Time to restore trust in banking sector | The Herald

via EDITORIAL COMMENT: Time to restore trust in banking sector | The Herald December 18, 2013

THE country has once more been witness to another banking crisis common with this time of the year. Queues at selected banks have resurfaced and on Monday we saw the ugly side of this at Allied Bank where a depositor, who by right deserved to get his money when he needed it, ran amok triggering an ugly scene.

The biggest question to ask is why, when the sector knows this has been the same story line since dollarisation, is this being allowed to happen. Has the Reserve Bank of Zimbabwe not learnt anything through overseeing each year of crisis?

The central bank as the custodian and supervisor of banking institutions should be at the forefront in protecting depositors who usually are in the dark over what would be happening behind the scenes.

At the moment, depositors are not informed about the liquidity position of their banks. All they know is that Christmas is around the corner and as such they need their money.

Surely the new Basel II requirements (which they are reminded to adhere to as regulators) now look to pre-empting such situations.

A lot of pertinent questions are now being overlooked?

The “depositors” are our parents, relations, brothers and sisters, that have mouths to feed, rent to pay, school feels, medical costs, electricity etc . . . This is now a crisis yet as per usual . . . no sense of urgency on the part of the authorities.

The truth is the banking sector is not being honest about its current state even though it’s very clear that they may be sitting on a time bomb. Bankers need to tell the country the truth about the real causes of the liquidity crunch in their sector and the level of non-performing loans.

Exacerbation of this crisis will certainly further dent public confidence in the operations of banks. And this could be the reason why an estimated US$4 billion is thought to be circulating outside the banking                                                                                sector.

Banking is all about trust. People will always remember especially when it comes to where they keep their money.

Bankers need to be reminded that deposit growth is a function of economic growth and confidence in the banking system.

Without confidence, it will be impossible to achieve the “twin challenges of engineering a recovery and reforming the financial system.

Although the economy is poised for positive growth under the Zimbabwe Agenda for Sustainable Socio-Economic Transformation (Zim Asset), the following factors militate against confidence in the banking sector; capitalisation pressures in the banking sector which have seen a significant change in ownership for some banking institutions; the large asset-liability mismatch and non-performing loans since 2009 and an inefficient RTGS payment  system, which has resulted in the loss of depositor confidence.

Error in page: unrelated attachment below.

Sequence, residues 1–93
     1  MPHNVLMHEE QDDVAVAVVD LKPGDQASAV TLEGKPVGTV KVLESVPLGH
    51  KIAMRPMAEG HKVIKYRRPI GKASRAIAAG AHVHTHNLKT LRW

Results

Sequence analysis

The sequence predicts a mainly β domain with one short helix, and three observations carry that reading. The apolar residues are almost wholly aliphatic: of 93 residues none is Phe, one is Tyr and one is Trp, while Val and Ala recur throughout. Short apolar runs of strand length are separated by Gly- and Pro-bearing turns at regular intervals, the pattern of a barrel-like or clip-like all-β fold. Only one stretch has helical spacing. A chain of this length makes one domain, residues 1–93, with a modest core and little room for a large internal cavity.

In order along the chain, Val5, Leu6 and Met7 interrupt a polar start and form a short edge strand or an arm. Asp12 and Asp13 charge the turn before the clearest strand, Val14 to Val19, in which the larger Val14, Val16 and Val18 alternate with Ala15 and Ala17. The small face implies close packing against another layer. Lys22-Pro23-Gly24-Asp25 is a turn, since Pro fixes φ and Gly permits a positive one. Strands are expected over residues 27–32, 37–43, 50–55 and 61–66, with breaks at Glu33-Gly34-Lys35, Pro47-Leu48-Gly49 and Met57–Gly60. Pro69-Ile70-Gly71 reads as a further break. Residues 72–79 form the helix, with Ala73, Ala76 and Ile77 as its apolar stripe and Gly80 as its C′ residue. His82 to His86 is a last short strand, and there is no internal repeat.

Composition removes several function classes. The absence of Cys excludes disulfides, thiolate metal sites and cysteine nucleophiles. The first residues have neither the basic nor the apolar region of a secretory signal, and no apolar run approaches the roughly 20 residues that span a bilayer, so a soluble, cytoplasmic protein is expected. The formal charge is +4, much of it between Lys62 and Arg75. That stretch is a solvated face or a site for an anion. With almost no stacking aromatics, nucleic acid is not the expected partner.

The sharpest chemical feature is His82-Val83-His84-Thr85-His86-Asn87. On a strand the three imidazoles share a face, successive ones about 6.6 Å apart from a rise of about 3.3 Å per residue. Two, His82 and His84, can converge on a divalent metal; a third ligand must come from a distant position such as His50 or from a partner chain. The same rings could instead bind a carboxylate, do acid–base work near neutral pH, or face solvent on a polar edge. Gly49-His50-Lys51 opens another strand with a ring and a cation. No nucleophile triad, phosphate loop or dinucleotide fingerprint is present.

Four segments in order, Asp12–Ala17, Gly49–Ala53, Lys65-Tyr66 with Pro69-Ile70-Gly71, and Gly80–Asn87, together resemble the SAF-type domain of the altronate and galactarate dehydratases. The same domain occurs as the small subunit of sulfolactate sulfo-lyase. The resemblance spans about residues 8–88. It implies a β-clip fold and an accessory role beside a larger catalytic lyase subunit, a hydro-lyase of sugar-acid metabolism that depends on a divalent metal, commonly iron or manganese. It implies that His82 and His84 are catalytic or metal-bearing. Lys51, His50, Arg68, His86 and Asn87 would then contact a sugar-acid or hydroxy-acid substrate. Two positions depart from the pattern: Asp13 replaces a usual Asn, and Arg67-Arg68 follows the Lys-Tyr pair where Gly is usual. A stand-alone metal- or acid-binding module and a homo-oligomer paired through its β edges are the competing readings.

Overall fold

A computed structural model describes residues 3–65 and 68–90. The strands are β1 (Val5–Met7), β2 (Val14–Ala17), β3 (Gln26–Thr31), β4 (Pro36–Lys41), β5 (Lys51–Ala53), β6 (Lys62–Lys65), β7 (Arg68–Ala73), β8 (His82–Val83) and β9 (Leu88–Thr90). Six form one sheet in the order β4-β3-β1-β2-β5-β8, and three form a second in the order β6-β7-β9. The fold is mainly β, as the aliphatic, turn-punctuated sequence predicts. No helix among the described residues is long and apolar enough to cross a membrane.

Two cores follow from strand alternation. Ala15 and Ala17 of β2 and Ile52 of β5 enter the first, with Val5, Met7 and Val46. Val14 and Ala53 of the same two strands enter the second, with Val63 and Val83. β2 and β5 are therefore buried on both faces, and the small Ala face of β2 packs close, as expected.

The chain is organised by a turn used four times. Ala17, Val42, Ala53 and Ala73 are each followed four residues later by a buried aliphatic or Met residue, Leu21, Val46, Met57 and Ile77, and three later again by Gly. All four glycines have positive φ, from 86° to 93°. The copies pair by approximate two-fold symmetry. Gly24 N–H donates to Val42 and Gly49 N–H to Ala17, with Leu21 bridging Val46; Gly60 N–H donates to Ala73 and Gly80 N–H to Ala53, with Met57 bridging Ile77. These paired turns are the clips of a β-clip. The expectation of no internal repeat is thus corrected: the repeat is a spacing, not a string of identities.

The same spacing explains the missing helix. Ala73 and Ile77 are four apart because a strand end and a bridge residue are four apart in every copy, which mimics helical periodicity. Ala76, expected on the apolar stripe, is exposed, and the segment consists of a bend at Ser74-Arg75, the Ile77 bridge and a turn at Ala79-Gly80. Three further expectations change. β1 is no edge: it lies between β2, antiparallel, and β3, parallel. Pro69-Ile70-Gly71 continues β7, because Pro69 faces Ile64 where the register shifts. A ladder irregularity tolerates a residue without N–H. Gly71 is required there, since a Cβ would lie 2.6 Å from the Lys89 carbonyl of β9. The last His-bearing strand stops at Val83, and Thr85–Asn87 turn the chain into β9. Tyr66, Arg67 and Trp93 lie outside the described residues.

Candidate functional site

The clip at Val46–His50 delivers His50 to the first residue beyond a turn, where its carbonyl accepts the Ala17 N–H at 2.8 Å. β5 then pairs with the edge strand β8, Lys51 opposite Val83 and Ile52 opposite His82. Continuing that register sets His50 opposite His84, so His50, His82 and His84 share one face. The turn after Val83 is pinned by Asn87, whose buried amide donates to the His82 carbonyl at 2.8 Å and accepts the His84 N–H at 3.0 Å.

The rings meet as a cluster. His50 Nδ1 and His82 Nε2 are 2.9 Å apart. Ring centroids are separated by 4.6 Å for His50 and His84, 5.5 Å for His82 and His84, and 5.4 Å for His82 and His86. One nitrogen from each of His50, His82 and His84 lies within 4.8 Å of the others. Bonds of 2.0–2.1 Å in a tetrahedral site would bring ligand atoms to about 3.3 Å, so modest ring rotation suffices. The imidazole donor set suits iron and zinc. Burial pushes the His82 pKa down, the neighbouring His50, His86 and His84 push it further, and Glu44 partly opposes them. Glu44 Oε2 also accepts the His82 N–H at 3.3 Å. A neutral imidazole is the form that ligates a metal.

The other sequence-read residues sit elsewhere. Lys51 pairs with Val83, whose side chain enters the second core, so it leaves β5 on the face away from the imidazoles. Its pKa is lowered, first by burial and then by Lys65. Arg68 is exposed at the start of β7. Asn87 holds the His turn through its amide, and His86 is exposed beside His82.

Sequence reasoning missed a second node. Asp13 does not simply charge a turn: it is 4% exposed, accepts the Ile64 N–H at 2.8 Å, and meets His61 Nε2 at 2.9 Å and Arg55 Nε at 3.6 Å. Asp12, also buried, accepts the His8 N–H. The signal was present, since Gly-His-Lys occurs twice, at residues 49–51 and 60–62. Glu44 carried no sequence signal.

We believe it may take time for the banks to restore lost confidence.

The other factor is that the deterioration in banking asset quality as reflected by the level of non-performing loans and poor disclosures.

But going forward what is clear is this; trust has been lost and the digital world is here and this is where Econet has overtaken banks. The telecoms company through its overlay services is constantly taking up the banking space. Would anyone blame them if they record runaway successes with such services which have proved to be safe for depositors?



  • comment-avatar
    Jrr56 8 years ago

    So by forcing the few banks that are operating properly to sign over 51% of their assets to the very people that are operating these fly by night banks that are unable to reply their depositors is creating confidence? Beware all Zimbabweans get your money out of Zimbabwe, they are going to brink back the Zimbabwe $ soon. Don’t trust them and their statements that it is not going to happen. Your money is safest overseas or even under your bed, not anywhere this government can get at it.

  • comment-avatar

    Most of Zim banks are headed by people who lack sound corporate governance and skills. Besides these people are confronted by many challenges. Zim also did not invest in information communication technology. In South Africa a very big % of the population does not use hard cash. Most of there transactions are on line or cellphones reducing demand for cash which relieve their banks. there are very few banks catering for a population over 60 million people. zim has many banks and you need to ask yourself whats happening. on the other hand Zim can not avoid cash shortages coz there is no production and exports. a very poor tax system. all things are manual there such that the government is not able to collect tax and also redistribute wealth evenly. Its time the leadership should change and you need to hire people in high offices those who have worked abroad who have gained practical experience and have accumulated education from other countries they will be very useful to turn around the economy. The other problem i see Zimboz have is that they brag about their education. they are very wrong because it has proved that Zim education is a fallacy because they cant even manage their own economy. We cant say we are better than the Batswana when they are able to manage their affairs. Believe me or not a clever person is a person who does not starve himself.